John Guilford's Hikes
Dickerman Mtn. on 1999-07-31
People: (including myself): Gene Obie, Joe Tarantino, Harry and Karen Plate, Joy, Ginger
My Alt. Real Alt. Miles
Start: 9:45 1920 1930
Short break: 11:10 4000
Falls: 11:25 4220
End lunch 1: 12:05 4320
Summit: 1:30 5600 5723 4
Leave Summit: 2:25 5600
End arrests: 3:00 5230
End snow: 4:00 4280
Out: 5:15 2000 1930 8
The NFS has a new and improved trailhead for the Dickerman Mtn. trail.
Instead of the old and small turnout that caused cars to park alongside the
road during the summer, the NFS built a new, larger, nicer parking lot and
trailhead (with outhouse) on the north side of the road a bit to the west
of the old trailhead. We found parking there without problem, though there
were already quite a few cars there.
From the trailhead, the trail immediately begins the first of fifty-six
switchbacks that climb the south-west side of Dickerman Mtn.. Despite the
forecast for morning clouds, the sun was out as we made our ascent.
Fortunately, the sun mostly behind a ridge as we climbed up. When the sun
was visible, the dense growth of trees filtered most of the sun away. This
kept things reasonably cool while going up the switchbacks.
Soon after the start, we divided up into two groups. Harry, Gene, and Joe
were ahead, and I stayed back with Joy and Karen. The hiking was pleasant
and soon views of Big Four across the valley appeared. Higher up, one can
see Vesper, Sperry, and Morningstar Peaks to the left of Big Four. Towards
the top of the switchbacks we caught up with Joe and Gene. After a break
to put on some moleskin, we continued up, soon reaching a switchback next
to a large waterfall. In the past when I've been here, the falls were
considerably smaller, but with the late snow pack, there was considerable
water flowing. Very shortly after that, we caught up with Harry where the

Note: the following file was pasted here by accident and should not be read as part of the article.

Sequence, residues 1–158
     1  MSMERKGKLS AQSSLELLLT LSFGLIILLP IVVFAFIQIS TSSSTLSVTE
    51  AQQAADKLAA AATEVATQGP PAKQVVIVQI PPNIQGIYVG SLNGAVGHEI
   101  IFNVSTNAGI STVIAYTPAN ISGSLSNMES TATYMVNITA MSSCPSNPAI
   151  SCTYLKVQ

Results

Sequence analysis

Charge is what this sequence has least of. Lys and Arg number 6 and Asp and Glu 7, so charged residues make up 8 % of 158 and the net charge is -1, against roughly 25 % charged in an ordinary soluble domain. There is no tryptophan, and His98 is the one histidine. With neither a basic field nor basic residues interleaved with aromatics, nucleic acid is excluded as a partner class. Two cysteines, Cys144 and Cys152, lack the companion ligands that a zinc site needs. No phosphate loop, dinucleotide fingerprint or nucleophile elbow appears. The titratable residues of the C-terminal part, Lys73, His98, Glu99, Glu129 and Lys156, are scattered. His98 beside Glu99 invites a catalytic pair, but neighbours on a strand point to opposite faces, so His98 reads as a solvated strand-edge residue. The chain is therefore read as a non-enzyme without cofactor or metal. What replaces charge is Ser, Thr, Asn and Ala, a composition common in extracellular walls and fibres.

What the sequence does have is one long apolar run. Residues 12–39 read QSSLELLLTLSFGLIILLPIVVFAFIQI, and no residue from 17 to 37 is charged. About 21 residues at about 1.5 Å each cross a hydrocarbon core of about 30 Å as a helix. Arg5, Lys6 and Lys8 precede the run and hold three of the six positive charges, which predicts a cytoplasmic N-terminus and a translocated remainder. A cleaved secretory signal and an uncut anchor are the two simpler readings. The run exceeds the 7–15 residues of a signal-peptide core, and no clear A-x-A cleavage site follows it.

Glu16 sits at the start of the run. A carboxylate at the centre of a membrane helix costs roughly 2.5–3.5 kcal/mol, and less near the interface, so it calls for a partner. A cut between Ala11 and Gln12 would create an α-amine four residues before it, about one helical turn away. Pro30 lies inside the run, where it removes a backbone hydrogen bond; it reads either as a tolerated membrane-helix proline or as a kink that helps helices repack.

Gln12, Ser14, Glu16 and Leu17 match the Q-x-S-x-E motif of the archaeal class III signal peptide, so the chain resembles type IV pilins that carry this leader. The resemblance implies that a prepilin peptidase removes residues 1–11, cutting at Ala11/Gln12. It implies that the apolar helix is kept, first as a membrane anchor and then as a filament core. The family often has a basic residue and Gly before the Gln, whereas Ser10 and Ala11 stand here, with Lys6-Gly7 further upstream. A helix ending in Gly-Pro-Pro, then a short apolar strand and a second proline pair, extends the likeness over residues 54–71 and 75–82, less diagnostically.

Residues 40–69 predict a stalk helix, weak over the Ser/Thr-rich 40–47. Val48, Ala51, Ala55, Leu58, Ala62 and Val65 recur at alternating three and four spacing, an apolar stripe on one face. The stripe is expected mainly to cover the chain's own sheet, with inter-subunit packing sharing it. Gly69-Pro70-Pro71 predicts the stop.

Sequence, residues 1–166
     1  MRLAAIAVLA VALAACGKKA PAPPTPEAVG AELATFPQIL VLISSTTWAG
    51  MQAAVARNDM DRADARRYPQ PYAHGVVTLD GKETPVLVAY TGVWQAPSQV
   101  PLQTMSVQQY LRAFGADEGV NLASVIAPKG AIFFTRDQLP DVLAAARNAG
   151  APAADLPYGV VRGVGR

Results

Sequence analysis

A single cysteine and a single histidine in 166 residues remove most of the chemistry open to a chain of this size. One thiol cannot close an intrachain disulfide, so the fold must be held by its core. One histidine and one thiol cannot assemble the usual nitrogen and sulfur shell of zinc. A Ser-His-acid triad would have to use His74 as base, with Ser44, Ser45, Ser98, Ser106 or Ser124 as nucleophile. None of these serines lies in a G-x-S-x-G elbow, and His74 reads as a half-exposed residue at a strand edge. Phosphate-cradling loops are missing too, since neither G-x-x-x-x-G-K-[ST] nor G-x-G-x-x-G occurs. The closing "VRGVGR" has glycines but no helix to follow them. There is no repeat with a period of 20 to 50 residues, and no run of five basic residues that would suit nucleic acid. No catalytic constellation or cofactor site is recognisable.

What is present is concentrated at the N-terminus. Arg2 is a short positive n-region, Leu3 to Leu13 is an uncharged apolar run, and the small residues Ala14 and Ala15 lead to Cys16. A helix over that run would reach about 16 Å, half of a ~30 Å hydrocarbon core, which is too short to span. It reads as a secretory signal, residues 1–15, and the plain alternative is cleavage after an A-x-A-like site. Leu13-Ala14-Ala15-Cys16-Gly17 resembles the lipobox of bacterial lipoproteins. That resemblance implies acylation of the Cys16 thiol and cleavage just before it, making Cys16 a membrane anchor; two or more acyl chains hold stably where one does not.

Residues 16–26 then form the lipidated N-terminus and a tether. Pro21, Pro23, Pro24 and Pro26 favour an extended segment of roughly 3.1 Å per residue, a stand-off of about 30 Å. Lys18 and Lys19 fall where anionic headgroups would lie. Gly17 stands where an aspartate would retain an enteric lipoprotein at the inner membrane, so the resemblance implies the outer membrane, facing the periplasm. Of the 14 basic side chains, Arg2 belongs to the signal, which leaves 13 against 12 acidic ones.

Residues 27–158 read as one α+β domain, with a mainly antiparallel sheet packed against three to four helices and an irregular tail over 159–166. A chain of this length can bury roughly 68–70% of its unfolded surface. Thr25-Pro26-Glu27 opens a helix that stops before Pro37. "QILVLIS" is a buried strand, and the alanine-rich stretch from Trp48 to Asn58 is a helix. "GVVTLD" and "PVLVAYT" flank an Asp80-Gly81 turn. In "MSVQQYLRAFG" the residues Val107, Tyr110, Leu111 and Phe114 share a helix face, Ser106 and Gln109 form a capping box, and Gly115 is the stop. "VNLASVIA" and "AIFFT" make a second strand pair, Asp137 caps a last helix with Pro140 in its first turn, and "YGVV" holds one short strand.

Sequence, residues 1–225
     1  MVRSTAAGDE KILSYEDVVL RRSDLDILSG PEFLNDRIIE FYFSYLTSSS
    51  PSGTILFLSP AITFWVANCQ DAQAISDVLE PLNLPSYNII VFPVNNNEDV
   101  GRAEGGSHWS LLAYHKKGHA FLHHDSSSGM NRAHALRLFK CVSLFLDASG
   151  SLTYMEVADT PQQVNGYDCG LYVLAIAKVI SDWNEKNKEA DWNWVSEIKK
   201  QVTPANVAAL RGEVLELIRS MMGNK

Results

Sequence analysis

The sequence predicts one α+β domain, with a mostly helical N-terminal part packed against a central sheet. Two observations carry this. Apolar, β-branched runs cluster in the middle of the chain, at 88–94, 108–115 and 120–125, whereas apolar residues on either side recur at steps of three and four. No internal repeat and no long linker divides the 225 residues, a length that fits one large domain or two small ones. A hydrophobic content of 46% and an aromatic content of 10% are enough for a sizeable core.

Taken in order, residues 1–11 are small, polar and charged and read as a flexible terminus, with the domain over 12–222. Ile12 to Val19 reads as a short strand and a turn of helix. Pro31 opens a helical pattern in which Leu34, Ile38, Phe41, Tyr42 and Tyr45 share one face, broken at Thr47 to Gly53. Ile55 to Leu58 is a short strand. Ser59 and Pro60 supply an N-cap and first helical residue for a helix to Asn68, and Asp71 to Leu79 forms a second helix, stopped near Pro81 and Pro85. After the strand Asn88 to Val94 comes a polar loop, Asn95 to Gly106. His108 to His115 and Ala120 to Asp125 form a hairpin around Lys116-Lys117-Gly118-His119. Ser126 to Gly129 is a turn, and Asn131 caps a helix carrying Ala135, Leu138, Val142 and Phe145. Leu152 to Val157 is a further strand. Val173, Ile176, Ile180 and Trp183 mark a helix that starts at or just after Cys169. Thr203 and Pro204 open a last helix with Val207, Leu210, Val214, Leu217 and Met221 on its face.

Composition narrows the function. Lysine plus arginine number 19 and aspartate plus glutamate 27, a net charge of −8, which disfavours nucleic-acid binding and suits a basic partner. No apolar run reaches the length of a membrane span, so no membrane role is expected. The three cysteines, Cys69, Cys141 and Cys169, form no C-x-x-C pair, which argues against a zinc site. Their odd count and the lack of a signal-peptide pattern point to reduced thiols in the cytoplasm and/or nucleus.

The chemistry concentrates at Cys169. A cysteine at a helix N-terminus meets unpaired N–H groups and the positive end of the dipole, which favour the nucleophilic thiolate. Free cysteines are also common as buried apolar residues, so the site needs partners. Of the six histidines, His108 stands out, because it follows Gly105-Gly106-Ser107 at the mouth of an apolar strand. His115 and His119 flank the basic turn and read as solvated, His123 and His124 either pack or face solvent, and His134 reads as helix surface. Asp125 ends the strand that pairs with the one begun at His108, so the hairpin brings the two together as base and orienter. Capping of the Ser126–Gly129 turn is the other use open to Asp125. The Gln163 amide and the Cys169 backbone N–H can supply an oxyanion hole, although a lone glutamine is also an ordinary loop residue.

trail flattens out just before heading for the meadows, and just past where
we first ran into snow.
We paused there for a while to put on sunscreen (as we were now in the sun
for the most part, the sun having risen and the trees having thinned out),
put on gaiters, and eat some food. Harry had made a discovery next to a
large rock that we used as a staging area. He found a couple of Heinekin
beers that seem to have fallen down between the rock and the snow some time
before and been buried. With the melting snow they became exposed enough
that Harry noticed them. He carefully re-buried them for safe keeping
until the return trip down.
With the snow covering the ground, there were two choices for routes from
there. One route follows the normal trail around to the southwest and
through the meadows. Alternately, the other route is a more direct route
up a gully (which is unpassable due to brush without the snow cover). A
couple people coming down the gully said that they got up to the steep
part, but it was somewhat icy and they turned around. Joy and Karen
weren't sure that they wanted to go to the summit and thought that they
might wait for the rest of us in the meadows. Thus we decided to follow
the traditional trail instead of the gully. The traditional trail can be
hard to find/follow through the snow when you are mostly left to follow
footsteps. We got off the trail initially and did a little bushwhacking
before finding it again. After that it was a straightforward hike through
the compacted snow up through the meadows, which have a good view of Big
At the top end of the meadows, the trail again resumes its climbing
eventually switchbacking up to the summit. Karen and Joy went a bit
slower, but they kept going a "little bit further" till they were so close
to the summit that they "couldn't" not go all the way.
As is typical in the mid-summer, there were quite a few people on the
summit. Fortunately the summit ridge is long and there is quite a bit of
space to spread out if you want to. There was some interesting snow on the
ridge. The top of the snow was flat and horizontal. At the edge, it took
a right angle turn down to a vertical flat side. It almost looked like it